Inside the Fun House

in The Money Shot

Published by University of Chicago Press

Published in print July 2002 | ISBN: 9780226309095
Published online March 2013 | e-ISBN: 9780226309088 | DOI:
Inside the Fun House

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Talk shows tend to become news for much the same reasons that ordinary people become news—because they have done something extraordinary, deviant, or bizarre. Daytime talk shows were rarely in the headlines until the Jenny Jones murder, and, at that point, the coverage was anything but flattering. Guests who sue talk shows make the news, as do those who admit faking their stories. Otherwise, journalists and media critics rarely talk about talk-show guests except to put them down or to discuss the lamentable trend toward “manufactured celebrity” that guests supposedly represent. Guests on conflict-based shows also complain about specific aspects of their experiences, expressing anger or frustration when the outcome of confrontation does not go their way or support their version of events. A variation on this theme occurs when guests do not get the rewards or compensation that they expect in exchange for engaging in a confrontation.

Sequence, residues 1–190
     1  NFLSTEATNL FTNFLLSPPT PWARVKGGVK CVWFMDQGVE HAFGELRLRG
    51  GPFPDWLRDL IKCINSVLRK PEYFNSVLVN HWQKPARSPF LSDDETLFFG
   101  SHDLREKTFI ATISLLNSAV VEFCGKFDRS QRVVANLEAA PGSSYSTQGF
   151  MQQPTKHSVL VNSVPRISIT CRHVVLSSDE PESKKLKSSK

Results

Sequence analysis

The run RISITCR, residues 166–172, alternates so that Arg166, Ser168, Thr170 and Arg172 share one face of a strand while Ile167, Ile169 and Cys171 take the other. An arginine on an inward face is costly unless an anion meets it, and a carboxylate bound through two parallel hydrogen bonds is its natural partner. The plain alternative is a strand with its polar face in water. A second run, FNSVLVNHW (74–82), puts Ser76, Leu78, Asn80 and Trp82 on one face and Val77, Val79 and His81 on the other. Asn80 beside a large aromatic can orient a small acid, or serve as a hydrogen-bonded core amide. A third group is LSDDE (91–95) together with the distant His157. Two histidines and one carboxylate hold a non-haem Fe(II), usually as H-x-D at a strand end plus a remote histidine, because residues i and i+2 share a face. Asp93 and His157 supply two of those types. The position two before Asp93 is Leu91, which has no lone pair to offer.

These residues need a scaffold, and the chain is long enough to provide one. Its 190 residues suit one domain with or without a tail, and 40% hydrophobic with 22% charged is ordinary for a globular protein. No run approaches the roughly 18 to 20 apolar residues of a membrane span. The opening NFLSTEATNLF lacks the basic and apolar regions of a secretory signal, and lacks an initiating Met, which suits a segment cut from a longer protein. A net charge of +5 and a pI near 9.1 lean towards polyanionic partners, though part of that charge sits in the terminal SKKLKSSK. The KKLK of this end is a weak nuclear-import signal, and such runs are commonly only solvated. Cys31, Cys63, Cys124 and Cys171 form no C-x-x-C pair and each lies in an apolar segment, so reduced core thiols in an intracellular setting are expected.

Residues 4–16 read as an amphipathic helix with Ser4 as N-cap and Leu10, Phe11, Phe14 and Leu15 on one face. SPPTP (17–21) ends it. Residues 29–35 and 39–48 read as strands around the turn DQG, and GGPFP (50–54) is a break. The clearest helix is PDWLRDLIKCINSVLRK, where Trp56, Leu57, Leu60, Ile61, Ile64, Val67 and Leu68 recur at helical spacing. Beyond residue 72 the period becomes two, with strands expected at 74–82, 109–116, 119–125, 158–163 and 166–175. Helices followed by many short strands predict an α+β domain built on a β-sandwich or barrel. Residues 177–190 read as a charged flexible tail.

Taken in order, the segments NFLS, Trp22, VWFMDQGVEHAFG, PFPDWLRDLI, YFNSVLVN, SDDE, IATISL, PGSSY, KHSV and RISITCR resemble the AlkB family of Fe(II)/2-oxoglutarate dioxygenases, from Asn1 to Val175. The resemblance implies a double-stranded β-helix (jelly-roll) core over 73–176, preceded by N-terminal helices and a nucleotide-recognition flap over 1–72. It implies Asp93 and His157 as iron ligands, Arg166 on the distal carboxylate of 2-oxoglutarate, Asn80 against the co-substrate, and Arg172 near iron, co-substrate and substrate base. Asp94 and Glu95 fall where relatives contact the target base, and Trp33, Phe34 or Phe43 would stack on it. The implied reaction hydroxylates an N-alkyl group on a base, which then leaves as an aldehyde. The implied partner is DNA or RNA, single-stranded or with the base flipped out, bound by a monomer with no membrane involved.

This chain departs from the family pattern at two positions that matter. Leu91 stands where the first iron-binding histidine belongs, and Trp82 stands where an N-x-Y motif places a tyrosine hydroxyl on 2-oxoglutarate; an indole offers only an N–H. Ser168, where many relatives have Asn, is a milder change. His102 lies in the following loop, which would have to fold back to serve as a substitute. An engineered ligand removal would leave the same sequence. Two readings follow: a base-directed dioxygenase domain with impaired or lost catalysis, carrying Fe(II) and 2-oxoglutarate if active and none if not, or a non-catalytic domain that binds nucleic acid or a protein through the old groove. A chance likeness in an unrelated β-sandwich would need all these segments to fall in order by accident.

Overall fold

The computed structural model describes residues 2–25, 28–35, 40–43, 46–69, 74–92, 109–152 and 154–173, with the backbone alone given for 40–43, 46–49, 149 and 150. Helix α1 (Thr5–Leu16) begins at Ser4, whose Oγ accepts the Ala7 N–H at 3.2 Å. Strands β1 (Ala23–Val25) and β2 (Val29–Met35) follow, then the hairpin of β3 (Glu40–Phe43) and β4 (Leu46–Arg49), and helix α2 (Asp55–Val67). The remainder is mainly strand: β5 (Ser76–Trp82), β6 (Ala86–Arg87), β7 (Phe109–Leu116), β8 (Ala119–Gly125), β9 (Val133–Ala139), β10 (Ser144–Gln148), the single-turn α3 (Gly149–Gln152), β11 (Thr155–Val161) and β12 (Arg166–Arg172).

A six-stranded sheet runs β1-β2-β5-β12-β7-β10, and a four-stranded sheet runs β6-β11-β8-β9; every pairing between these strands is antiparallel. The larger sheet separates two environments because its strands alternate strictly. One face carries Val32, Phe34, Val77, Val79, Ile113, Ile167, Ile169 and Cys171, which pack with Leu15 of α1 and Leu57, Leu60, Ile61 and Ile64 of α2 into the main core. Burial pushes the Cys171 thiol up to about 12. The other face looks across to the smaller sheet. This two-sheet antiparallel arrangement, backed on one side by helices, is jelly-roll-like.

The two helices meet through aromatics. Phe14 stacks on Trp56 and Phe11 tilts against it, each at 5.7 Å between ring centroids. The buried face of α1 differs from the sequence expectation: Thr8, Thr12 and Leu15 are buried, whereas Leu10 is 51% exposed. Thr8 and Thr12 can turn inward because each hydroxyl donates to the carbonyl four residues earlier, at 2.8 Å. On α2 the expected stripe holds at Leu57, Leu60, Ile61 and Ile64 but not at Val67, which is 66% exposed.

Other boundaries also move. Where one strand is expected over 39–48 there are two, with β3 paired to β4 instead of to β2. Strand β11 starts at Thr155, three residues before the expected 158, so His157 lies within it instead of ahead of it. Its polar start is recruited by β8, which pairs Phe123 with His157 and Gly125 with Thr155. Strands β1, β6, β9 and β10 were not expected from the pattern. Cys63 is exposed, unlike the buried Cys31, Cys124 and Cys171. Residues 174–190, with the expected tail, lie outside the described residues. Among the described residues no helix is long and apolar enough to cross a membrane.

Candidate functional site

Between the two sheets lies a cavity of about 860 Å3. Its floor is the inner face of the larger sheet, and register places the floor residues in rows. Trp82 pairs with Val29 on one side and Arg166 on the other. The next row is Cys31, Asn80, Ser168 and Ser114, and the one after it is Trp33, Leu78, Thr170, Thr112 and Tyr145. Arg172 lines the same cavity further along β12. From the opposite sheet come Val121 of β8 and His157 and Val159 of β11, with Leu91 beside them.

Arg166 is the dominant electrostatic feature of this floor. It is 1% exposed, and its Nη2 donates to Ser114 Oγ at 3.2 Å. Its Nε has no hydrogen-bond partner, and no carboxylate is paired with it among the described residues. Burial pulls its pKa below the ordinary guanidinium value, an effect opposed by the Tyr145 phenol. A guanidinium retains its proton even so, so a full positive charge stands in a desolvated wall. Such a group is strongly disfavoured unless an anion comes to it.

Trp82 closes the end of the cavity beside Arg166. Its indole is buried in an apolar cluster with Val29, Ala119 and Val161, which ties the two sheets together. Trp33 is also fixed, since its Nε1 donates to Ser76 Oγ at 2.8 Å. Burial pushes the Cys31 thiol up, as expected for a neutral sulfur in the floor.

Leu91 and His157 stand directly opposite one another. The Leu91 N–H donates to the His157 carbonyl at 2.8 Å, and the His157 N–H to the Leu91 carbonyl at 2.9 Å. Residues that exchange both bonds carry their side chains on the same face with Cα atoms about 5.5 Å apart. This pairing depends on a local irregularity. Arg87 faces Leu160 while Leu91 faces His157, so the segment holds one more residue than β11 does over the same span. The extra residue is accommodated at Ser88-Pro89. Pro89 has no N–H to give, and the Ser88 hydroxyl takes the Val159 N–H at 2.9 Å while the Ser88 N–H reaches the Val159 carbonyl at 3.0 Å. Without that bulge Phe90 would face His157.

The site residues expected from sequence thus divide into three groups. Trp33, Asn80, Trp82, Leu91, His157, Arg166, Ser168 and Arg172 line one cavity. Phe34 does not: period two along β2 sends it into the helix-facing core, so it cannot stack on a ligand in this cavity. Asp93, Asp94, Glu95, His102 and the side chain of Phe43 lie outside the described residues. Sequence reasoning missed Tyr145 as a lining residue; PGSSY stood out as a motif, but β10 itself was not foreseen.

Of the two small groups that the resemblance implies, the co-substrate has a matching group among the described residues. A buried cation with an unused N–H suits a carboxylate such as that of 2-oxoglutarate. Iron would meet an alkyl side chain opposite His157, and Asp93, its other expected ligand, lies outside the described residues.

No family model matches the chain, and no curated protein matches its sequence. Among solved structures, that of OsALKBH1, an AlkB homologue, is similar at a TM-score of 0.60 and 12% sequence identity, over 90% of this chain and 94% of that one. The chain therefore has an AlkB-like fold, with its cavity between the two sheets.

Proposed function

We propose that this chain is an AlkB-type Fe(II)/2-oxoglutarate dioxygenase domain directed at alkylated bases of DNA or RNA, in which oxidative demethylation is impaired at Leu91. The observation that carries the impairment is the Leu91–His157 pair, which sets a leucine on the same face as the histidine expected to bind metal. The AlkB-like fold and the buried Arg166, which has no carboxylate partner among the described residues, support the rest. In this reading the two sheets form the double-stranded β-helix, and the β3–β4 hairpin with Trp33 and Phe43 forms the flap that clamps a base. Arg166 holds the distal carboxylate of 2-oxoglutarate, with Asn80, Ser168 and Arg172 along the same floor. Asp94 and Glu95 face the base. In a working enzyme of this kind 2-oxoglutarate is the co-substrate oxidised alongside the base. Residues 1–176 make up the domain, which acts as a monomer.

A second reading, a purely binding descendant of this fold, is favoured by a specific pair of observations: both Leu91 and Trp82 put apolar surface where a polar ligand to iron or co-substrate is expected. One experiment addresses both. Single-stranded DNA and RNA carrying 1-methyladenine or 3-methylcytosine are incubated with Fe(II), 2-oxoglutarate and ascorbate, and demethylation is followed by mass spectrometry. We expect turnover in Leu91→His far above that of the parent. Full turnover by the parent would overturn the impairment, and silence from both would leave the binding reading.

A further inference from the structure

Keywords: talk shows; ordinary people; daytime shows; talk-show guests; compensation; manufactured celebrity

Chapter.  11983 words. 

Subjects: Media Studies

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